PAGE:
Our “promise of longevity” may be even brighter one day in a future far from now as a result of all the research on aging taking place around the world. Can’t help but think that beyond today’s headline absorbing news for the Boomer generation, the longer term beneficiaries of all this research will be today’s 25 year old.
Twenty five years from now when she is 50 and her Boomer parent is maybe 80, what will the research have meant to her “optimal aging”, her “promise of longevity”? How can today’s research be made more interesting to today’s 25 year old?
As a start, this generation is observing first their grandparents in their later life aging process and then will it come more first hand with their own parents. My colleague Mary Ellen Tomlinson puts her focus with clients on the impact of aging and how it changes family dynamics. I wonder how closely a younger person has their ear to that conversation? The real life research lab for them right now is simply observations on their parents as they handle these changing dynamics.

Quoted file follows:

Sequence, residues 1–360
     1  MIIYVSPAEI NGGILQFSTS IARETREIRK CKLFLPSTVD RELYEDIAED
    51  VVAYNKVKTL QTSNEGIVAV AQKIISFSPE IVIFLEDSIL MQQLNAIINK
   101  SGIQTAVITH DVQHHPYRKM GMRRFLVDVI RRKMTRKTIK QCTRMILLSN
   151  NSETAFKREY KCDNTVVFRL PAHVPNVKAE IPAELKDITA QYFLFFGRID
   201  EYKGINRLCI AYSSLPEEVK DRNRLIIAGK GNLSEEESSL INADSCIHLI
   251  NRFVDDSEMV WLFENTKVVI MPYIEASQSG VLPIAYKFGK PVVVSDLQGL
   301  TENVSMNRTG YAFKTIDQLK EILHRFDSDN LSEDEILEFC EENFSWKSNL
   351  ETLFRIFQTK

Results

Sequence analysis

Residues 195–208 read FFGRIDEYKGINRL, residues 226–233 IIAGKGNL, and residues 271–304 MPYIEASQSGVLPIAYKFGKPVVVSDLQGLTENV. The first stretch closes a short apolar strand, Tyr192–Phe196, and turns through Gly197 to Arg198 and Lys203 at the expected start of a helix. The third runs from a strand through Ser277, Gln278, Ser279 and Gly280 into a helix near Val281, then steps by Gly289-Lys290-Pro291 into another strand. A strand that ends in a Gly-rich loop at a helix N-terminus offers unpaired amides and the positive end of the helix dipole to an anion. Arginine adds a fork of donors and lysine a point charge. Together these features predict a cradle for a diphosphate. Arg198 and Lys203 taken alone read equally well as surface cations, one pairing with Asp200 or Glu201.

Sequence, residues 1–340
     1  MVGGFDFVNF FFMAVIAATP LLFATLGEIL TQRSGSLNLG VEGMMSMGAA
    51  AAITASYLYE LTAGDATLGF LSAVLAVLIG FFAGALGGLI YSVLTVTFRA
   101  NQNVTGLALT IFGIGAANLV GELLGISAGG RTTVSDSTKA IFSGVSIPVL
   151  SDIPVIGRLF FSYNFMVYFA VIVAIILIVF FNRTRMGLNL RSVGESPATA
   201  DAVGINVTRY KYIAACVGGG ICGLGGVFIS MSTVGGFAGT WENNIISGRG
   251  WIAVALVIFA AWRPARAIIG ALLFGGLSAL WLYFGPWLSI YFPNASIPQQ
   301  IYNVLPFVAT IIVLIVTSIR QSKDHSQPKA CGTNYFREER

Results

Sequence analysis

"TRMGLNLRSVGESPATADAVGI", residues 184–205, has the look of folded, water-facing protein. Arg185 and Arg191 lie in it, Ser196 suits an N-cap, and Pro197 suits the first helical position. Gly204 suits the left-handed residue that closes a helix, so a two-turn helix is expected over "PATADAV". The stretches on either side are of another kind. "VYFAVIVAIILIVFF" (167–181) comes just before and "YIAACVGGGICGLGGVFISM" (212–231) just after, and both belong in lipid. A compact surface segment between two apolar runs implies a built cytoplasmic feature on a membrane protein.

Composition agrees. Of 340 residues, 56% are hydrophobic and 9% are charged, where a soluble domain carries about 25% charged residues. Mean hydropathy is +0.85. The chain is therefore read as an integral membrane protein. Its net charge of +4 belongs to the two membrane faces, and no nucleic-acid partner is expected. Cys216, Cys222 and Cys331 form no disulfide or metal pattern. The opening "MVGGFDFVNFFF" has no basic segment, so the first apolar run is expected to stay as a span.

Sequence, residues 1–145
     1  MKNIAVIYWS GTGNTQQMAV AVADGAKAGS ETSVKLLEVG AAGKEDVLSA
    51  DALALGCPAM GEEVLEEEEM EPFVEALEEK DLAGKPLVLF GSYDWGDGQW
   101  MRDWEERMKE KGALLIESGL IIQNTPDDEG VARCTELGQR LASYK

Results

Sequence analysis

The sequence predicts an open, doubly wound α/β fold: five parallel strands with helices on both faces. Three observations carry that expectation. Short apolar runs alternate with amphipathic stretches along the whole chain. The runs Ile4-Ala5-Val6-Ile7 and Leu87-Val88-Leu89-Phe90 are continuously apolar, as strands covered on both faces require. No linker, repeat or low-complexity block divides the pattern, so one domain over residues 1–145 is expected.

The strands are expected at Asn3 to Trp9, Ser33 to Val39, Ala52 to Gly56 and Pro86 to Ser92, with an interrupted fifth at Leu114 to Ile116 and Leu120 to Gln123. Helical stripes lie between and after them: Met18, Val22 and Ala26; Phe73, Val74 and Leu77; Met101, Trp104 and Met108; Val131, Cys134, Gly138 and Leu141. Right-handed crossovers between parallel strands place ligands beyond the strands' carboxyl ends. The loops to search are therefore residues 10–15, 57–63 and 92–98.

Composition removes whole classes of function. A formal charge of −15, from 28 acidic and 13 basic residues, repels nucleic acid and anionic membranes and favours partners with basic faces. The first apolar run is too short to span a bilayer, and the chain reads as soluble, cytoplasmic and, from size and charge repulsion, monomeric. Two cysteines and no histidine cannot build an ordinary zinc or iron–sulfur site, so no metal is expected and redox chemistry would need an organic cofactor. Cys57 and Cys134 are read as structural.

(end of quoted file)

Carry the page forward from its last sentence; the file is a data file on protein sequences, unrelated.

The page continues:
Stories are being passed along daily by those who directly face the aging game at home, and hopefully by the time our 25 year old slips into the front row seat on the later life stage play, their lives will be better facilitated by these stories and the practical outcomes from current research.